airberlin is a pioneer in the area of eco-efficient flying. With a view to further consolidating this role, the company is keenly pursuing and supporting the development of new innovative technologies that are capable of contributing to further increases in efficiency.
As a result of this approach, airberlin is one of the first airlines in the world to be engaged in discussions with the company WheelTug regarding an innovative electric drive system. WheelTug and airberlin have already signed a corresponding letter of intent, which gives Germany's second largest airline the opportunity to become one of the world's first airlines to install the system on part of its fleet after the drive technology has been certified. The letter of intent includes the option to carry out the installation on 47 Boeing 737NG aircraft and 63 aircraft from the Airbus A320 family. WheelTug relies on the use of an electric motor which is built into the nose wheel and is intended to enable pilots to taxi from the gate to the runway without powering up the engines.
Felix Genze, Vice President Performance Improvement airberlin, said: “We believe in the potential of innovative technologies. airberlin already leads the way in Europe with an average fuel consumption of just 3.4 litres per 100 passenger kilometres. We are constantly on the lookout for new technologies and procedures with a view to further consolidating this position. The agreement with WheelTug perfectly fits in with our commitment and illustrates once again that we are at the forefront of innovation when it comes to new technologies.”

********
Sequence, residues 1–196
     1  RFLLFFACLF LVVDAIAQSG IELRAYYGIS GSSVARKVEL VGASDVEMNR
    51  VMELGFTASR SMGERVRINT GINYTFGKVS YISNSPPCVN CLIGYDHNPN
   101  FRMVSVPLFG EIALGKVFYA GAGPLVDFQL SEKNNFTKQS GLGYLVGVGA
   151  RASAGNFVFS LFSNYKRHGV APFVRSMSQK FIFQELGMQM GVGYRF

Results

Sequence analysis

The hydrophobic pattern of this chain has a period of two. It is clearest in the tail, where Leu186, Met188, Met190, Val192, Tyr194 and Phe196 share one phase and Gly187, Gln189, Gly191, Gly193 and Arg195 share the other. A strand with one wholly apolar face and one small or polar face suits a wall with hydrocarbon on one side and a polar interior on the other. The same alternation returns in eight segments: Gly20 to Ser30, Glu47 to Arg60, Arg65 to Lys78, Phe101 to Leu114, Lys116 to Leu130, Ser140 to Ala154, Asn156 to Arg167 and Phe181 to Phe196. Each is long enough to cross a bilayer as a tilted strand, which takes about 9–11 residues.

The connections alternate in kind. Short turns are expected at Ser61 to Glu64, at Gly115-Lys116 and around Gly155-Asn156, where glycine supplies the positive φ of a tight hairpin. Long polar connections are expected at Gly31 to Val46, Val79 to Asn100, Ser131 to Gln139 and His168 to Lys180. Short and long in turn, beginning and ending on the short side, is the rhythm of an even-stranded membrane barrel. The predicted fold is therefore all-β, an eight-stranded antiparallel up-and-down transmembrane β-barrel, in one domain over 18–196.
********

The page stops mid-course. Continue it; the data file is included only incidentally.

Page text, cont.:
Isaiah Cox, CEO WheelTug, said: “We have found airberlin to be a company that is always open to new approaches and ideas. We are therefore delighted that Germany's second largest airline is interested in our innovative electric drive system. This system is capable of achieving fuel savings of up to 80% on the ground and consequently is also able to reduce CO2 and noise emissions.”
So far, the airberlin Performance Improvement department has developed around 55 measures to improve all the processes involved in flying and is constantly examining the use of innovative technologies.